Kiri Masters: Yeah, it’s going to depend on the brand. We’ve got some clients with fairly narrow assortments. It might be a beauty brand that has an assortment of 20 SKUs, and then they’re certainly going to want to look at the SKU level. And then for some brands with—particularly CPG—a lot of SKUs, they’re more interested in a product subset level. So it’s going to depend. Again, I would come back to what is the objective and which products have different objectives here. Of course, we can also build in target profit margins for each product if we need to, if that’s the focus. But again, if the focus is on growth and market share, then we’re really not looking at profitability metrics like ROAS or ACOS.

“If the focus is on growth and market share, then we’re really not looking at profitability metrics like ROAS or ACOS.”

—Kiri Masters, Acadia

AO: Before we switch topics, any other insights from the study you want to mention?

KM: We’ve started using this approach with our clients and with prospects as well, and it has been really, really eye-opening. I do a lot of this kind of work, writing and thinking about problems in the industry, and this is probably one of the biggest topics that we’ve covered in terms of interest and how it’s been received. So I knew that it was important, but I didn’t really appreciate how much of a pain point this was.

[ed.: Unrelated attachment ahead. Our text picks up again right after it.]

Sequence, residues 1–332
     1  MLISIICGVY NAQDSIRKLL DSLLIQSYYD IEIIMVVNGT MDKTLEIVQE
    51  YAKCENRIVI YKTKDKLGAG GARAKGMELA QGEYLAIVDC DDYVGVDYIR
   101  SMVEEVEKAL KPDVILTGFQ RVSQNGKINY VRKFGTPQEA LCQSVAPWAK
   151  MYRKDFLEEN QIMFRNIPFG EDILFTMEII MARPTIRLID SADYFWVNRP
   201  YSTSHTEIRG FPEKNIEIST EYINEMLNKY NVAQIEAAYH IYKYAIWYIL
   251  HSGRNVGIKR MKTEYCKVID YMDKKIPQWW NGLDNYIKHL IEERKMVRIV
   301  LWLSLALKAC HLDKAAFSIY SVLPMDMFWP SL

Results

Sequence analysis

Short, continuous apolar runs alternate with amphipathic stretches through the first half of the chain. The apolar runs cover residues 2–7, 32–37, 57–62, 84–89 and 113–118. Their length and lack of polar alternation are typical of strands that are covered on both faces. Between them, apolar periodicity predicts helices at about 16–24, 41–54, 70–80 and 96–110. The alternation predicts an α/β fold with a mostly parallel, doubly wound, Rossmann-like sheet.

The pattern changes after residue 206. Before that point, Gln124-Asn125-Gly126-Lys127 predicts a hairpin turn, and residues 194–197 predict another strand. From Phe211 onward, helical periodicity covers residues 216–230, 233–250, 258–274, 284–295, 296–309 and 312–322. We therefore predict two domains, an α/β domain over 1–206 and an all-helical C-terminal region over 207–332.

So it’s good to start getting feedback from people, and particularly the comment about ROAS being a blunt instrument. I think that really resonated with a lot of practitioners who find they’re trying to steer their organizations away from just focusing on ROAS, and they’re constantly looking for some external validation that that is the correct way of looking at it. And that has kind of blown me away how much—I think possibly mostly at the executive level—ROAS is holding a lot of brands back.

Alan Osetek: You have kind of two sets of agency types. You have one set which are the pure-play Amazon agencies, of which, I mentioned before, there’s at least 500-plus of them, according to Amazon, based on Amazon’s list of approved partners. And then there’s the traditional performance media agencies, the global ad holding companies that are all trying to build out their ecommerce and marketplaces practices as well. But I think we can agree that the real goal here is, in the longer-term, is to do what Acadia and you are doing—what brands really want to do is reach consumers in all channels and educate and inform, and eventually, in many cases, sell. So how’s it going, and what are some of the steps you’re taking to try to integrate the Amazon marketplaces channel with other channels as a part of an agency organization?

Kiri Masters: Well, I think that there’s two ways to look at it. And before we joined Acadia, being a specialist Amazon or marketplaces agency—and just to be clear, we’re Amazon, Walmart, Instacart, and Target. So we still do a lot with Amazon, but we do manage other marketplaces as well. Even so, being a specialist is very powerful. And I think there’s a long list of pros and cons about working with specialists versus working with a full-service agency. The trap that a lot of full-service agencies get into is offering a solution that they’re not fully proficient in and disappointing clients. And we have certainly seen our share of clients come to us because they worked with a generalist agency that didn’t really know what they were doing with Amazon and were really overwhelmed by the results.